Home's treatment upsets commissioners

1920s-era house in Robbins subdivision stripped before demo permit is issued

Hinsdale Historic Preservation commissioners expressed anger during a public hearing March 2 on the application to demolish the 1927-built Italianate residence at 720 S. Elm St. and build a new house, having learned that the home's previous owner had held a pre-demo sale, illegally stripping it of items such as a furnace and flooring and rendering it uninhabitable days before it sold last summer.

"It does not sit well with this commission when we're charged with trying to preserve the historic character of this neighborhood and this National Register Historic District (Robbins subdivision), and properties are apparently intentionally treated in this manner," said Commissioner Bill Haarlow, adding that a second-floor window also had been left open, causing more damage.

Commissioner Jim Prisby agreed, referencing a video he saw of the home's interior filmed two years prior that seemed to show it in fine condition.

"It's (the fact of) the house being essentially destroyed on the inside over that two-year period," he said. "It really bothers me, and I just have a tough time, personally, making a motion to say, 'Yep, it's OK.' "

Initially no commissioner would even make a motion to dispense with the application, throwing officials into confusion over how to proceed. The property's new owner, Kevin Callahan, and architect Michael Abraham urged the commission not to punish them for others' actions.

"All we ask is that you vote on the surface of what we presented and what we've done and what the Callahans have done since the time they owned the property," Abraham said.

Commissioners eventually voted against recommending a certificate of appropriateness for demolition but in favor of one for the new construction. The commission's rulings are advisory only.

The site's developer, Hinsdale resident Julie Laux of J. Jordan Homes, came under fire from commissioners for proceeding with demolition activities last month without a permit to do so. She was cited by the village for the violations.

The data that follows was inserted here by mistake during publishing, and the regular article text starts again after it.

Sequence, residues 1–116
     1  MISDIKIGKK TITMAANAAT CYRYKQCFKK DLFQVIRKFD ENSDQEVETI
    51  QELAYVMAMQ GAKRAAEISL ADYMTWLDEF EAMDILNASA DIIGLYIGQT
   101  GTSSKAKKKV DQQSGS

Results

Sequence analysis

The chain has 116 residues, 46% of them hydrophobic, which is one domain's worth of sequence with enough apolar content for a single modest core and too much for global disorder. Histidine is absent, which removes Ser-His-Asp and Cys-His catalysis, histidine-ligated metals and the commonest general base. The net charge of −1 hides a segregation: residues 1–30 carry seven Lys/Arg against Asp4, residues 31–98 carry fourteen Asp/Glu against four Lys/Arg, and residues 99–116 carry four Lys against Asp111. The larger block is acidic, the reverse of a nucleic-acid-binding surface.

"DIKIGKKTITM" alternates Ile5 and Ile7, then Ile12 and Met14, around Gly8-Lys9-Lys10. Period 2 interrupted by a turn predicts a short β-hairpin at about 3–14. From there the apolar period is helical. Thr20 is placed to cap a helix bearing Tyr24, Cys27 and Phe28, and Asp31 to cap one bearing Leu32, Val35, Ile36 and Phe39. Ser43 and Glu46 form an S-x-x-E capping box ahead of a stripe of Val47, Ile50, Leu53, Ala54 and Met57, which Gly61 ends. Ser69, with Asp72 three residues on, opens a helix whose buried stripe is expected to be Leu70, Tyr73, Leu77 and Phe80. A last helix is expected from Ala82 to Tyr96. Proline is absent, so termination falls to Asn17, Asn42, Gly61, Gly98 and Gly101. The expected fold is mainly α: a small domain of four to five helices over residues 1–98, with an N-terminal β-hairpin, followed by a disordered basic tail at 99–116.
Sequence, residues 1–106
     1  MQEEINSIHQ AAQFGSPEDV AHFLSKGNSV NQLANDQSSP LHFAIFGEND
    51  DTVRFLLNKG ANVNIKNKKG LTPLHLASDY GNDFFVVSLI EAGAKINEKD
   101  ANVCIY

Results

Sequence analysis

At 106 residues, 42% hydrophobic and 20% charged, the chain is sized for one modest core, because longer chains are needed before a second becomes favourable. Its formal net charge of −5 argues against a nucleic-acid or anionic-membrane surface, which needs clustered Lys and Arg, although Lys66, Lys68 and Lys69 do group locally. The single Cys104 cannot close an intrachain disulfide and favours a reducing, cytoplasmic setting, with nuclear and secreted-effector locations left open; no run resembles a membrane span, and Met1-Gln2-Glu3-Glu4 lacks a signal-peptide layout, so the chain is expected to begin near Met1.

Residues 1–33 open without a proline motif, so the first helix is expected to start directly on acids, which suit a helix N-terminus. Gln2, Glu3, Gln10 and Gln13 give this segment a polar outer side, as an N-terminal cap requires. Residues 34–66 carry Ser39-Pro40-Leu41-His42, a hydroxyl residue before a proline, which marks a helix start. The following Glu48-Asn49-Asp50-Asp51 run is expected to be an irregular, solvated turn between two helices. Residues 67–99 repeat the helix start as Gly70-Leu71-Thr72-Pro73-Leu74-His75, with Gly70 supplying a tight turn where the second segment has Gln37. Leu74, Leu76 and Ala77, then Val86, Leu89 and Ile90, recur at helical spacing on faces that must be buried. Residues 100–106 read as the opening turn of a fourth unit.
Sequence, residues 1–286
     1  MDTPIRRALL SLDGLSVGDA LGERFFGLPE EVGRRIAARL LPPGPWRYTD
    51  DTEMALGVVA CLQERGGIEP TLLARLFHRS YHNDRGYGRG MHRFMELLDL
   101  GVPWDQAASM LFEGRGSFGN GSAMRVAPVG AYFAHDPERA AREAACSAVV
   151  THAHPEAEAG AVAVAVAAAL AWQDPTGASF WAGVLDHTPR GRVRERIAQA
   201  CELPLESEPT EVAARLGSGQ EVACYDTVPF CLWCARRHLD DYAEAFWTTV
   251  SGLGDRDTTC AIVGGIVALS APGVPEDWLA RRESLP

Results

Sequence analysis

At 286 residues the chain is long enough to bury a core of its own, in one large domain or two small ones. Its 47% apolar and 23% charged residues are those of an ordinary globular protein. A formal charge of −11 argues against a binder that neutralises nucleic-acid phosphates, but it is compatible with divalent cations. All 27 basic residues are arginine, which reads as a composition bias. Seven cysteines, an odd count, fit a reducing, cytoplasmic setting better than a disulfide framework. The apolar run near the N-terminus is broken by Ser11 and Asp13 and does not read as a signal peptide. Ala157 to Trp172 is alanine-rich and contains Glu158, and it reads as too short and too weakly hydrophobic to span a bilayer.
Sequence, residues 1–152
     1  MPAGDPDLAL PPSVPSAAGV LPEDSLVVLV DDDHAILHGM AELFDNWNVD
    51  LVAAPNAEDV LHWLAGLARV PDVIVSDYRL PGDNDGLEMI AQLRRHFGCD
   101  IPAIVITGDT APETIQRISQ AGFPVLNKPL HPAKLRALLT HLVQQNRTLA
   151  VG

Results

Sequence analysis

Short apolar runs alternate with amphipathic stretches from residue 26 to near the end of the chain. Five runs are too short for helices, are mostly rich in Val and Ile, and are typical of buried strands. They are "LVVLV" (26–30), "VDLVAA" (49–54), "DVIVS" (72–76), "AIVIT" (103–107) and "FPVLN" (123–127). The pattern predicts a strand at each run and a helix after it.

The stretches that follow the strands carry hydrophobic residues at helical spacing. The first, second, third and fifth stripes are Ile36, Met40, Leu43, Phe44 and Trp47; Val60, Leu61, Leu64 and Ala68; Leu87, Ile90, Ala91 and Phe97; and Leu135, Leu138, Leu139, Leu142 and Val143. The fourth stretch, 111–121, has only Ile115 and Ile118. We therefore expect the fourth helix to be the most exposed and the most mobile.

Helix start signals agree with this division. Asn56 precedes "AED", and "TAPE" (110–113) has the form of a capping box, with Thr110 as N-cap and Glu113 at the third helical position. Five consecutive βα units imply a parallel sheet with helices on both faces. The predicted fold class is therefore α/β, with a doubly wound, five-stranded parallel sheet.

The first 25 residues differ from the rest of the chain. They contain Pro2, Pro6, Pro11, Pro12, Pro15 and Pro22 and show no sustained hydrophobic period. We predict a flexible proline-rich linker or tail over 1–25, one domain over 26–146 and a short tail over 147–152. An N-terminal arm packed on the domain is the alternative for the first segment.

"We'd like to think that our builders and our architects - and certainly our citizens - that are building new homes in the village would find the conscience necessary to respect the village and respect the intent of what the village is trying to do in trying to preserve its heritage," commission Chairman John Bohnen said.

Laux attributed the violation to a communication snafu.

"The minute we were made aware of that, we went over and stopped it," she said. "That was a mistake. You're right."

This case comes against the backdrop of the village's reworking of its historic preservation ordinance, known as Title 14, through which the commission is poised to gain more authority in regulating teardown activity.

Commissioner Sarah Barclay suggested there is often a rush to demolish an older home before evaluating the potential for renovation.

"As a preservationist, it's my job to make sure that we take a breath before we tear down these homes," she said.

Abraham acknowledged that the existing home is a contributing structure to the neighborhood's historic character and endeavored to honor that with his design.

"Which is why we took great care in putting together a house that would fit in with the neighborhood, in terms of scale and material," he said.

Laux said concerns about stormwater drainage on the site had been addressed. Robb McGinnis, Hinsdale's community development director, said that is part of the approval process.

"We've used teardowns as an opportunity to ameliorate existing drainage problems whenever possible," McGinnis said.

Asked by The Hinsdalean if the village had any recourse against the home's previous owner, McGinnis replied there was not as far as he was aware.

Bohnen intimated balancing preservation interests with redevelopment is an ongoing challenge.

"Trying to find some ground where you can build a new house and yet not have it change the nature of the neighborhood is one of things that we strive to do," Bohnen said.

Author Bio

Ken Knutson is associate editor of The Hinsdalean